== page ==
November 11, 201
Cannabis debate, Code of Ethics feature in latest edition of Australian Pharmacist
The role of pharmacists in the medical cannabis debate is coming under scrutiny, with growing public support for medical cannabis underscored by a recent Australian Institute of Health and Welfare Survey showing 69 per cent of people supported legislation allowing the medical use of cannabis, while 74 per cent of people backed more research into the issue.
Writing in the November edition of Australian Pharmacist, Pharmaceutical Society of Australia President Grant Kardachi said, however, there were challenges in clarifying the current legal status of cannabis products in Australia to allow medical use.
“Adding to an already complicated environment is the variety of approaches taken by other jurisdictions in balancing medical access with regulation,” he writes.
“I believe we must ensure that any therapeutic products available for public use are assessed for safety and efficacy and this is a key challenge surrounding pharmaceutical cannabinoids and crude cannabis products. The available research is confusing with studies supporting and rejecting the benefits of medical use of cannabis so we must carefully assess this research when developing a position.”
Also in the November Australian Pharmacist is an article looking at the International Pharmaceutical Federation’s [FIP] recently released Statement of Professional Standards and how it compares with the Pharmaceutical Society of Australia’s own Code of Ethics.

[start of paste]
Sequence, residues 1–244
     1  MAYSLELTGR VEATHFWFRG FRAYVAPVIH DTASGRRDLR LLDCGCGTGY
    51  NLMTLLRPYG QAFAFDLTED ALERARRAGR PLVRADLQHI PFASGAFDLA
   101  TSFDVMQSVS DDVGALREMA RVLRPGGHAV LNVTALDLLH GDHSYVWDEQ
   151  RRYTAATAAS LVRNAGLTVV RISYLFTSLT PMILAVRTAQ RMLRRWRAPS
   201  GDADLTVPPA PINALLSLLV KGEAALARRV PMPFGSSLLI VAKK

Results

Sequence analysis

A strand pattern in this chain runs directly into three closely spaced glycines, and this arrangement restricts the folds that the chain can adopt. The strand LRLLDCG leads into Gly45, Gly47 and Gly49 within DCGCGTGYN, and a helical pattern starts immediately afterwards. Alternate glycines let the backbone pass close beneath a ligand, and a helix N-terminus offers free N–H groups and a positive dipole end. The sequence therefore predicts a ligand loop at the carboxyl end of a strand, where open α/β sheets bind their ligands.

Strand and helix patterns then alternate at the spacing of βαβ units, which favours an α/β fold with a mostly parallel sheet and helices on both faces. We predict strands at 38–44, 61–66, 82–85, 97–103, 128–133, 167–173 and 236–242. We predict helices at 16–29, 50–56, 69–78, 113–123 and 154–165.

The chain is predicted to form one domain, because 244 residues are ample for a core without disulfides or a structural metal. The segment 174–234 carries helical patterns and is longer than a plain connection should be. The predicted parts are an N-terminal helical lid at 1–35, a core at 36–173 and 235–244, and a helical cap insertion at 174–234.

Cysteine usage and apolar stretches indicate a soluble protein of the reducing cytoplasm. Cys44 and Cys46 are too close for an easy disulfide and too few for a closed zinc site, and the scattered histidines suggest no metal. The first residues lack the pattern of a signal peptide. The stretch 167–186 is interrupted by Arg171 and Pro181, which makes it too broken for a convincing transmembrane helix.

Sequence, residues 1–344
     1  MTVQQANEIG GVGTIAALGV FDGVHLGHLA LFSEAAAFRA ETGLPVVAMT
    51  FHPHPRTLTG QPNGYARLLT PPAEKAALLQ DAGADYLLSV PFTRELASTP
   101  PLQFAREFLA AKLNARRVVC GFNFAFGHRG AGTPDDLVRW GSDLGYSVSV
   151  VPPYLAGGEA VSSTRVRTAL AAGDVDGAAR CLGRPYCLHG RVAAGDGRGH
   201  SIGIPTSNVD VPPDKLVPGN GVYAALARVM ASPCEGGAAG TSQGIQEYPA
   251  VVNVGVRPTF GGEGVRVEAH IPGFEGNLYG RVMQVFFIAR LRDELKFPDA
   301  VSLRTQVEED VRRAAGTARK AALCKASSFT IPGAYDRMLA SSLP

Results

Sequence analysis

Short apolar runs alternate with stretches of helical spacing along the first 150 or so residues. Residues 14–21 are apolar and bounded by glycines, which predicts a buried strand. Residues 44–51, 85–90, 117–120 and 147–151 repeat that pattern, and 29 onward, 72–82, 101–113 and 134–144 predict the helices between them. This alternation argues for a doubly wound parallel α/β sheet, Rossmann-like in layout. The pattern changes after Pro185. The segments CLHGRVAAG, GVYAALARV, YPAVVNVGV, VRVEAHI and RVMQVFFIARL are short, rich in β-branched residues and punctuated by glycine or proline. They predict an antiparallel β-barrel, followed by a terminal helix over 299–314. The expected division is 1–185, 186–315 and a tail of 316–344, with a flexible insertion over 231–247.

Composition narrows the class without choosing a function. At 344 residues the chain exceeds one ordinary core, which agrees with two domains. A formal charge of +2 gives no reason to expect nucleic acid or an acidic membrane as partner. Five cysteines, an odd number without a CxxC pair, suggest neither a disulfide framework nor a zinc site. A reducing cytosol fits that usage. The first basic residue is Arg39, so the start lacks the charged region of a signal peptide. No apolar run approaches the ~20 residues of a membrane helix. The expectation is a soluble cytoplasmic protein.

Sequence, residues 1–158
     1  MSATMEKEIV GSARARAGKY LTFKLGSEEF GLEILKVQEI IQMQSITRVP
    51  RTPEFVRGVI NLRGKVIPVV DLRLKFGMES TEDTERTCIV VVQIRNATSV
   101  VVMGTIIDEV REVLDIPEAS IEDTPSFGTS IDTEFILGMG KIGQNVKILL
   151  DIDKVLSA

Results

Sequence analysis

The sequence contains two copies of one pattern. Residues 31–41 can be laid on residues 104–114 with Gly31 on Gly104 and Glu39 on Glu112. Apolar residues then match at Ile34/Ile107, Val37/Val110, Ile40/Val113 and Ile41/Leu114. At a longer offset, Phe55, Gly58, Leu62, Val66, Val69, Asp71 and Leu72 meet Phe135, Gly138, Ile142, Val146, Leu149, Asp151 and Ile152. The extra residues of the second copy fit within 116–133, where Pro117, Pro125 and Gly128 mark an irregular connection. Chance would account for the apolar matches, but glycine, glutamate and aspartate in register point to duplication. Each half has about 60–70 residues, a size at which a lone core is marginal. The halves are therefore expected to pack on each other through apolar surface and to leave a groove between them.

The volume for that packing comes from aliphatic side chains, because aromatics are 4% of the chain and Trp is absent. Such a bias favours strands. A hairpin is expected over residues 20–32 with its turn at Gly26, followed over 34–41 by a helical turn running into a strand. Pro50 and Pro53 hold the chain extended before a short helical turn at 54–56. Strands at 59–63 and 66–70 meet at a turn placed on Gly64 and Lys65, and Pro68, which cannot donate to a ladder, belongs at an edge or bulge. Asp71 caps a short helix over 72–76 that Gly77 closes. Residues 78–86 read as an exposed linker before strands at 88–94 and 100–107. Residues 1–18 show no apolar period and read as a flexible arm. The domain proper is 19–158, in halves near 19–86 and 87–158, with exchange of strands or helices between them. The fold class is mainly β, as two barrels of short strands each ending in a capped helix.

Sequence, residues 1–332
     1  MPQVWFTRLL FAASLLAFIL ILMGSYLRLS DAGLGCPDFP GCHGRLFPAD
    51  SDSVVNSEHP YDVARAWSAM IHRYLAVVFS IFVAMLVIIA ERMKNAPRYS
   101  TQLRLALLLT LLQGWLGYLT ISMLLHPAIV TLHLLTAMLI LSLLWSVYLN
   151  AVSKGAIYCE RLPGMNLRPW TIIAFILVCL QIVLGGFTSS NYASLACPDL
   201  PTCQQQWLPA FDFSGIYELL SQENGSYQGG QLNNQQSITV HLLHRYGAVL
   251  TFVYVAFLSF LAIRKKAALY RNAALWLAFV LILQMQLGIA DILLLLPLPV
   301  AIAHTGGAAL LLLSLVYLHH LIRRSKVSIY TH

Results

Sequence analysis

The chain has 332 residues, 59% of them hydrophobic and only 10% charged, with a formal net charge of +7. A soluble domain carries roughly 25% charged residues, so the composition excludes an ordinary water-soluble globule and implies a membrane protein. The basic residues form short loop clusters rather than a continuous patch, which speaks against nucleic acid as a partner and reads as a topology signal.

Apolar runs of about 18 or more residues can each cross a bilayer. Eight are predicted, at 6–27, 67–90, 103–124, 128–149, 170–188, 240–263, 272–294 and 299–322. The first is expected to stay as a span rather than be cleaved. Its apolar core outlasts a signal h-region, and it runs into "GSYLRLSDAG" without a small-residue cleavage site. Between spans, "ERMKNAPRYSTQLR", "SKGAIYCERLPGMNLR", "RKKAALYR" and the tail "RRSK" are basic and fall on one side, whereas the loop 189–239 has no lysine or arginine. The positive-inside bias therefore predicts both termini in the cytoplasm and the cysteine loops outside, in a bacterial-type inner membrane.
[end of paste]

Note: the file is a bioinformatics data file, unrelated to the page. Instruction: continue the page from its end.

Senior Lecturer and Master of Pharmacy Co-ordinator at the Faculty of Pharmacy, The University of Sydney. Dr Betty Chaar compares the FIP principles with those of the PSA.
Dr Chaar concludes there is no doubt PSA’s Code of Ethics for Pharmacists not only meets every FIP minimum professional standard for ethical practice, but exceeds them.
“We can stand proud of our Code of Ethics, knowing that many countries consider Australia a role model in pharmacy practice and professional standards,” she writes.
The multi award-winning Australian Pharmacist journal is distributed monthly to PSA members as a member benefit.
Selected exerts of Australian Pharmacist can be accessed at www.psa.org.au
14 November, 2014
PSA welcomes pledge on real-time prescription monitoring
The Pharmaceutical Society of Australia (PSA), Victorian Branch has welcomed the Victorian Coalition’s pledge to develop a real-time prescription monitoring service.
PSA Victorian Branch President Michelle Lynch said the Coalition’s commitment of $6.98 million over five years is a positive move.
‘A real time prescription monitoring system will be an important tool that assists doctors and pharmacists to effectively manage patients and prevent misuse of pharmaceuticals,’ Ms Lynch said.
‘It will provide transparency of information between health professionals to allow them to make informed and considered decisions to ensure the best health outcomes of the patient and ensuring quality use of medicine’.
‘PSA has been working with the Victorian Government and other health professions on a number of initiatives including advocating for real time prescription monitoring as one of the tools to combat pharmaceutical misuse in Victoria.
‘PSA stands ready to offer its expertise, in collaboration with doctors and other health professionals, to support the implementation of a real time prescription monitoring system in Victoria,’ Ms Lynch said.
The PSA Position statement on real time reporting by pharmacists ‘seeks the support of Governments to establish a coordinated and consistent system of real time reporting by pharmacists that provides the capacity to flag and track any substance of interest and which enables timely health interventions for at-risk consumers while also informing law enforcement activities where appropriate.’